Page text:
FSA stated that it would publish the program review figures recorded in PEPS. However,
Recommendation 1.4 recommends that Financial Partners discontinue its practice of recording as
lender program reviews, program reviews that are actually only servicer reviews. As such,
FSA’s response does not adequately address the recommendation.

Although FSA concurred that reviewers did not consistently quantify liabilities, it did not address
Recommendation 1.5, which was to develop a consistent policy for identifying, quantifying, and
reporting liabilities. FSA stated that it plans to evaluate the processes and procedures in place
for schools and tailor those processes for program reviews at guaranty agencies, lenders, and
servicers. We did not evaluate the schools processes and procedures for identifying, quantifying,
and reporting liabilities to determine the applicability of those procedures to reviews of guaranty
agencies, lenders, and servicers.

Delegation of Authority for Waiving Liabilities Not Followed
FSA Comments. FSA stated that it
       will modify the Chief Operating Officer’s delegation of authority to the General
       Manager of Financial Partners Services to include additional controls for
       monetary limitations and consultation with other Department officials and
       ensure that managers and staff know and understand the delegation of authority
       for waiving liabilities…. [and] will develop a mechanism to track waivers that
       are granted, including the reasons for waiving a liability.
Final Report
ED-OIG/A04E0009                                                                                               Page 19 of 34

OIG Response. Although FSA concurred with amending the redelegation to the General
Manager, it did not address the second part of the recommendation to request an amendment to
the Chief Operating Officer’s delegation of authority. We made no changes to the
recommendation that the Chief Operating Officer request an amendment to her delegation from
the Secretary. We did amend the recommendation to include a redelegation to the appropriate
Program Compliance Officer.


FINDING No. 2 - Insufficient Control Activities Over Monitoring of Program
                Reviews and Technical Assistance
Two of the five GAO standards for internal control relate to control activities and monitoring.
GAO’s standards for internal control state “Control activities are an integral part of an entity’s
planning, implementing, reviewing and accountability for stewardship of government resources
and achieving effective results” and “monitoring should assess the quality of performance over
time.” We found that Financial Partners has not implemented sufficient control activities and
monitoring. Specifically, we found that Financial Partners did not

    •    Follow its policies and procedures for conducting and documenting program reviews.
    •    Have adequate policies and procedures for the program review process.
    •    Have policies and procedures for providing and documenting technical assistance.
    •    Have a process for monitoring the quality of program reviews or technical assistance.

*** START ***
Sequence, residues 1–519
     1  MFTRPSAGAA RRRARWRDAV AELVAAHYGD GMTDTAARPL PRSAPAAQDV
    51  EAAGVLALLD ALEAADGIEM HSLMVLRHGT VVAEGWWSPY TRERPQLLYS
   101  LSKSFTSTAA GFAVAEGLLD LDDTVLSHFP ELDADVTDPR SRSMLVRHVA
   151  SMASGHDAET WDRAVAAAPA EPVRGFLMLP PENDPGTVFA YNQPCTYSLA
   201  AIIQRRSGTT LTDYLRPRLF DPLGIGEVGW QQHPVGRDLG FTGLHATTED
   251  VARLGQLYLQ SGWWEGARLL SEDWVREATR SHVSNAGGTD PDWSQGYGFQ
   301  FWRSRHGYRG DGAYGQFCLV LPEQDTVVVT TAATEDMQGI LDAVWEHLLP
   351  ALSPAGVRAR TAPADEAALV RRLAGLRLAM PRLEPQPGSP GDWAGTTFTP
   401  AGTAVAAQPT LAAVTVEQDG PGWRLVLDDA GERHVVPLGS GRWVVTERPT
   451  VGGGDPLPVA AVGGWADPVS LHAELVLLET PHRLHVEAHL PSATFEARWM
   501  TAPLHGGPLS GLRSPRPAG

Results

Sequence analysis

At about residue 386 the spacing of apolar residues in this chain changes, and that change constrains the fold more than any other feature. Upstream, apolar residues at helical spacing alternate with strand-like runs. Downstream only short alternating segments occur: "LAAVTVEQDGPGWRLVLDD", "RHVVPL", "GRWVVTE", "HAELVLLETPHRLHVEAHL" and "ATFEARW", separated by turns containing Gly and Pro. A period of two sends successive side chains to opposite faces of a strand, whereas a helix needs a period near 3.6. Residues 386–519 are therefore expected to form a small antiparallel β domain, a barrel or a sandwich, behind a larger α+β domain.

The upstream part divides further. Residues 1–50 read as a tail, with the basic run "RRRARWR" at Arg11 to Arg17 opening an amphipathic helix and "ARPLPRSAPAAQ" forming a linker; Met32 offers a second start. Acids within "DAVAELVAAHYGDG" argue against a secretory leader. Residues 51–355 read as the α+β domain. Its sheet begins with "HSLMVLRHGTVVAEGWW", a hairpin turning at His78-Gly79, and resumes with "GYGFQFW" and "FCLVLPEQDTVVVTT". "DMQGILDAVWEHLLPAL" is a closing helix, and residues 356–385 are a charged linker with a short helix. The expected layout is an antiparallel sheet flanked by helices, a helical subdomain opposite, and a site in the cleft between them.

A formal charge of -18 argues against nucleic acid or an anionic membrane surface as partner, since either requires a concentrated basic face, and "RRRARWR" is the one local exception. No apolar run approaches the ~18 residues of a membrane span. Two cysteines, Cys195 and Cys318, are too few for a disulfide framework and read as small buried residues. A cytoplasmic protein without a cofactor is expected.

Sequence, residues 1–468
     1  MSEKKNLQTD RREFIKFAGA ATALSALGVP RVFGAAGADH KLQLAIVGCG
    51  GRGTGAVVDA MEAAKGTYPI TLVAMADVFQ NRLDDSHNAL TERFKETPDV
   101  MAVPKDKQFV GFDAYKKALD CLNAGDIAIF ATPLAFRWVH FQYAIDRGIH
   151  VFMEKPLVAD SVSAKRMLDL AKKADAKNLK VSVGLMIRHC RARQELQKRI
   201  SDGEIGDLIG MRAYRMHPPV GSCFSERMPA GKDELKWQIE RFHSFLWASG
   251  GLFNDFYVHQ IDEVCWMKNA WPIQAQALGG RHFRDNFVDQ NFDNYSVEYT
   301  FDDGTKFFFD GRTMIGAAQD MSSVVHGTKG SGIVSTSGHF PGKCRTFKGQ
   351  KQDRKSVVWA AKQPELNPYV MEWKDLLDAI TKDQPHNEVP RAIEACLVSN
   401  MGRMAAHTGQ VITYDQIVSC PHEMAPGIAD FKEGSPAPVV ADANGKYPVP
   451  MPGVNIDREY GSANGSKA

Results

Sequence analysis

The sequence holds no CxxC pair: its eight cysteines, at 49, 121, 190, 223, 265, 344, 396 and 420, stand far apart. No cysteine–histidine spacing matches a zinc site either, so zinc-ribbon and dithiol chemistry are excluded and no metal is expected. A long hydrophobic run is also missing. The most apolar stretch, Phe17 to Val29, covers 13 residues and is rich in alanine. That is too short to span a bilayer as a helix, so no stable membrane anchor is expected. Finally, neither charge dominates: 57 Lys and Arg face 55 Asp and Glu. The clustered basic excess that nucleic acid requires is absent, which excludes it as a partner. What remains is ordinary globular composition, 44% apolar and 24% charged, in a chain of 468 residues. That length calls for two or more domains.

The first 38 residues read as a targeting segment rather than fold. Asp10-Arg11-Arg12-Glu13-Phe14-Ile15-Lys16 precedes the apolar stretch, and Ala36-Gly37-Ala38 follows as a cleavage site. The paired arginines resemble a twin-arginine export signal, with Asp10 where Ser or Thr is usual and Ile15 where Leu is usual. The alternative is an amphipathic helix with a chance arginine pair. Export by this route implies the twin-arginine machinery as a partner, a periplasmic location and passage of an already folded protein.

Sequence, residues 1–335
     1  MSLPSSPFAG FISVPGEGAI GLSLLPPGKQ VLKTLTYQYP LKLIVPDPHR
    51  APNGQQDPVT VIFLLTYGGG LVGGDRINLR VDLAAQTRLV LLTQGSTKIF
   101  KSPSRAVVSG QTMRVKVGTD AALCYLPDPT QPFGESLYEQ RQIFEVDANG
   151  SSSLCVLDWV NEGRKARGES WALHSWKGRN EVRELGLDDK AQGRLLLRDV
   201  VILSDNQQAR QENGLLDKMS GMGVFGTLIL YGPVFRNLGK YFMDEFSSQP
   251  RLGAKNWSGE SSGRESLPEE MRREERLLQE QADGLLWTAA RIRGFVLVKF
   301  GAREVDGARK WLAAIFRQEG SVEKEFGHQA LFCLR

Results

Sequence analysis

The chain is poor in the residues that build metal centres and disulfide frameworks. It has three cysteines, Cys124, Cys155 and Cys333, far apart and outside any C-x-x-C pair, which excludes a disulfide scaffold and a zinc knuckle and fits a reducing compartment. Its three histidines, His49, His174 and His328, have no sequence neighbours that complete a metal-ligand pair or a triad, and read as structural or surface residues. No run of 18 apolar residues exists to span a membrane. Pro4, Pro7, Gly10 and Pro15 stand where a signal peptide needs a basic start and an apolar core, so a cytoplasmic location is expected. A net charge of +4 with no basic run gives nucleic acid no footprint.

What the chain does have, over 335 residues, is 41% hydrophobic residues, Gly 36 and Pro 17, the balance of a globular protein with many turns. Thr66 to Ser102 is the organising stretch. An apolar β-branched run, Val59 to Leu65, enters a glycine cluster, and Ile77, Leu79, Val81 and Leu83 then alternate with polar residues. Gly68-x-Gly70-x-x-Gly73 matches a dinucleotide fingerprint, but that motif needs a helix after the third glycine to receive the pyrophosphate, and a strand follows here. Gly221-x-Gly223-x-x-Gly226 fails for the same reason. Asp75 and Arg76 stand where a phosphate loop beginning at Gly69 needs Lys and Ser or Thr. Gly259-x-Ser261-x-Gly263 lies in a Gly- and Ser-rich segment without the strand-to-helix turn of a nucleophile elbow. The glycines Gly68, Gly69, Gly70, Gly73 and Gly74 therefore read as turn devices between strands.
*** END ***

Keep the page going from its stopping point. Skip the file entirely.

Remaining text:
As a result of the control activity and monitoring weaknesses identified in the program review
process, we concluded that Financial Partners did not adequately review, test, or identify
potentially significant instances of non-compliance. Further, Financial Partners has not provided
adequate oversight and monitoring to ensure compliance with the HEA, regulations, and
guidance.

Policies and Procedures Were Not Followed
Although Financial Partners has policies and procedures for conducting and documenting
program reviews, the procedures were not consistently followed. We also found that the Acorde
system6 was not consistently utilized.

As summarized in Table 2.1, we reviewed 58 program review files and found one or more
deficiencies in 55 of the 58 files.7




6
  The Acorde system is an imaging system used by Financial Partners to store its program reviews along with the
supporting documentation.
7
  We selected and reviewed all guaranty agency reviews, full lender/servicer reviews, and Common Review
Initiative (CRI) projects and selected the first three reviews by issue date for each region’s limited reviews, joint
reviews, and desk reviews in the eastern and southern regions.
Final Report
ED-OIG/A04E0009                                                                                       Page 20 of 34

                              Table 2.1 -- Summary File Review Results
                                                                                      Files with
             Weakness Noted During File Review                                       deficiencies

             Inadequate documentation of work performed                                    55

             Reviews not issued / closed within 190 to 250 calendar days                   3

             Acorde system not consistently utilized                                       12

             No reviewer identified as preparer on element sheets                          21

Inadequate Documentation of Work Performed. According to the program review guides for
guaranty agencies, lenders, and servicers, review specialists are to use pre-formatted element
sheets to document the work performed for each element, including the purpose, methodology,
activity, and conclusion for guaranty agency, lender, and servicer reviews.

        • 	 For 7 of the 55 files with inadequate documentation, we found insufficient evidence to